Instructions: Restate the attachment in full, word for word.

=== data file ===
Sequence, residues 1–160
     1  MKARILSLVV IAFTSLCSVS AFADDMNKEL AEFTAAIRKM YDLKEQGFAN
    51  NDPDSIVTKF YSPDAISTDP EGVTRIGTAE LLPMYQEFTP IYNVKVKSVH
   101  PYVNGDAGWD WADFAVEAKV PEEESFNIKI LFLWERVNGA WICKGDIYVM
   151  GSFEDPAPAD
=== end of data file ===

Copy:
Sequence, residues 1–160
     1  MKARILSLVV IAFTSLCSVS AFADDMNKEL AEFTAAIRKM YDLKEQGFAN
    51  NDPDSIVTKF YSPDAISTDP EGVTRIGTAE LLPMYQEFTP IYNVKVKSVH
   101  PYVNGDAGWD WADFAVEAKV PEEESFNIKI LFLWERVNGA WICKGDIYVM
   151  GSFEDPAPAD